Elections are poor public relations

An election may seem to be the essence of democracy – with public participation in a decision making process demonstrating engagement and a method of the majority selecting who they wish to represent them within a particular system.

As such, it ought to be good public relations – a time of relationship building, consideration of well-made arguments, co-orientation around issues of common consent and an opportunity for the views of the masses to be considered by those seeking office.

There is a belief that this is a fair approach, when a public is able to convey a consensus behind a candidate of choice.

But in reality, it would seem that modern elections are often poor public relations for a number of reasons.

First, there is the question of suffrage – who is eligible to vote. In the UK, there is a current controversy over enfranchising prisoners, something the European Union has ruled for and which the government opposes. Throughout history public relations campaigns have been necessary (although not necessarily called that) to campaign for extension of voting rights – whilst at the same time, practitioners have worked for those opposing greater universality. The lack of voting rights excludes certain publics – and often their voices and issues, from being recognised as important in a system.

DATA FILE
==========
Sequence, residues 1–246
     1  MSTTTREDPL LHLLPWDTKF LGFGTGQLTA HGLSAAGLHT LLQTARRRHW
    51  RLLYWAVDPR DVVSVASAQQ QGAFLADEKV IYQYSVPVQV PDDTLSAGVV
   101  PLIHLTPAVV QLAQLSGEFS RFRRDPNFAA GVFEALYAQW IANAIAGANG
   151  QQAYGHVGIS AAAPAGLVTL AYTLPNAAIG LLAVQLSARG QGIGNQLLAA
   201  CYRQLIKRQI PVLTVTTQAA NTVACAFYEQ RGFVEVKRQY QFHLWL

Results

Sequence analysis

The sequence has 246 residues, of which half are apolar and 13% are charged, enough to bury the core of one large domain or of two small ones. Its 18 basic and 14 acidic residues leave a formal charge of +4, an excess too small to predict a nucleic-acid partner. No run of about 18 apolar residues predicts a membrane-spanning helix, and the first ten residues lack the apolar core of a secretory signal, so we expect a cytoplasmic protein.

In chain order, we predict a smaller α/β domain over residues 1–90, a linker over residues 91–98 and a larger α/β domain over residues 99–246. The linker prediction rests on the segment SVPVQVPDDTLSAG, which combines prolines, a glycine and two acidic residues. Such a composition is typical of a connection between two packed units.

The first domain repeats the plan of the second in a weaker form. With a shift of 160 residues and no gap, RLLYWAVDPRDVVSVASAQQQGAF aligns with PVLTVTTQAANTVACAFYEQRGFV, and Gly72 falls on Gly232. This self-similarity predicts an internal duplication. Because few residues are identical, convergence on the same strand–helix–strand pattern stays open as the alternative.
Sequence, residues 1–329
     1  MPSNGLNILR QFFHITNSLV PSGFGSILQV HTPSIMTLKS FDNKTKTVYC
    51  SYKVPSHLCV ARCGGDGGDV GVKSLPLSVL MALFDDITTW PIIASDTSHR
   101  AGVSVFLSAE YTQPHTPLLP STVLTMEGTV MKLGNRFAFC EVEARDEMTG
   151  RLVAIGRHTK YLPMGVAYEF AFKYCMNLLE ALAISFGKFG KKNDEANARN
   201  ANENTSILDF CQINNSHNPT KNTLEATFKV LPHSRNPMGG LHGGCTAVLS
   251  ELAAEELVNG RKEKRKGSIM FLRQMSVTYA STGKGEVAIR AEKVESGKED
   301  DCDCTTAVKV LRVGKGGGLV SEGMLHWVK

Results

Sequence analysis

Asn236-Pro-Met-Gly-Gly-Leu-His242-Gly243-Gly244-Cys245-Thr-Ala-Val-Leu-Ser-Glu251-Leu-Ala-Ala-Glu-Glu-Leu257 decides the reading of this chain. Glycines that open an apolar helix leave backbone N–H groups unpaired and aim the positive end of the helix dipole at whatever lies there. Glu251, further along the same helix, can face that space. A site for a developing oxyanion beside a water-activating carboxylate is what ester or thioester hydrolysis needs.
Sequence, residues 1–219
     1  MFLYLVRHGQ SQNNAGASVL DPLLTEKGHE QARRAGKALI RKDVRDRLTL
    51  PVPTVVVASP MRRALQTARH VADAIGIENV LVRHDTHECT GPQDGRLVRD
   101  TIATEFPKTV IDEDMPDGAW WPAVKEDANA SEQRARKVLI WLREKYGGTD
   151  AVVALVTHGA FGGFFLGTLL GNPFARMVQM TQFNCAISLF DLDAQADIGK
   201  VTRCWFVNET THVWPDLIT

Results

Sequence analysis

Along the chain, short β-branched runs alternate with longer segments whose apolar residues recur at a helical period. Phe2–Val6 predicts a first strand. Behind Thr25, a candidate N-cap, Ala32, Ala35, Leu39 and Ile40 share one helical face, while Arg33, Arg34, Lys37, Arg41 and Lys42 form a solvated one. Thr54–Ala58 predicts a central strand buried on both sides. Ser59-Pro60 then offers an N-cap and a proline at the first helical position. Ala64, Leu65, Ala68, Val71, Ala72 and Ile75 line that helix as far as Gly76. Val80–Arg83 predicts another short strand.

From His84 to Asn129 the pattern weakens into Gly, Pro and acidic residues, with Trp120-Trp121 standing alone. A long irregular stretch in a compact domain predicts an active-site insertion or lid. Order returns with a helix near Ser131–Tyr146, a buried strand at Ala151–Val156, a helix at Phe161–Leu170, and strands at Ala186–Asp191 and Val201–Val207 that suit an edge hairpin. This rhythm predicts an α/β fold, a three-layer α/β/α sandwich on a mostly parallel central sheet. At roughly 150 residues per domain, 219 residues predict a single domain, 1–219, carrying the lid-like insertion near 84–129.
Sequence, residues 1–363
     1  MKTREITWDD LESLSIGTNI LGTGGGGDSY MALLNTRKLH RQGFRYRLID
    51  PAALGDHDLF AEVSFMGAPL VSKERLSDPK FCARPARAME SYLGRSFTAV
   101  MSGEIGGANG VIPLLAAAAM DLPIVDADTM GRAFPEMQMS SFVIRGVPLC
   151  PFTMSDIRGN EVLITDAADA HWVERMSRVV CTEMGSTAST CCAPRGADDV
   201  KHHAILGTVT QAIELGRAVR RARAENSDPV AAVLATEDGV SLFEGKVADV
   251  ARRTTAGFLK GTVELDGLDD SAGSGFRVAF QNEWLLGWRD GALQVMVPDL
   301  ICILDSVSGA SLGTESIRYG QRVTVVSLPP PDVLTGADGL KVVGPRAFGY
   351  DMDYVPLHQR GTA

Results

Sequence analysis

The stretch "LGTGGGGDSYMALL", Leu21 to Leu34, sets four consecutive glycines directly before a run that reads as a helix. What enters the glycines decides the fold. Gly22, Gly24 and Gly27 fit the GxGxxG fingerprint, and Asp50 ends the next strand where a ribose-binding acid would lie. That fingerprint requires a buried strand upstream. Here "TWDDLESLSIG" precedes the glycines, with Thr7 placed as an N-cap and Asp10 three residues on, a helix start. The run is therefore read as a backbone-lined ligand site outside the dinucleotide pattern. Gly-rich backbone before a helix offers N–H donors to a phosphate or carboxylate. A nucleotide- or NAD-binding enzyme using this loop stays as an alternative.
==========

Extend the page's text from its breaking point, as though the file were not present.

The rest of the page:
Voting rights may also be restricted in some organisations which undertake elections, such as to those who have served a length of time as a member. Again, this can be understandable, but also creates a barrier to this public’s engagement.

Second, the process of standing for election can be complicated with a number of rules presenting obstacles to those who may wish to be involved. The Chartered Institute of Public Relations (CIPR) has a rather complex process. For example, to stand as President-Elect (that is, a full year prior to becoming President), a candidate much have served three years on either the Council or Executive Board. There are various possible routes to join the Council – with the Executive Board membership elected by the Council.

Although such processes can ensure a level of knowledge or commitment, they also slow down the participation of younger or newer members, and possibly more radical thinkers, within an organisation. More complicated, or opaque, processes can also be viewed as supporting a self-perpetuating oligarchy in any organisation.

Another issue has currently beset the CIPR with a need to re-run the 2014 Presidential election and claims that the two candidates who stood may withdraw.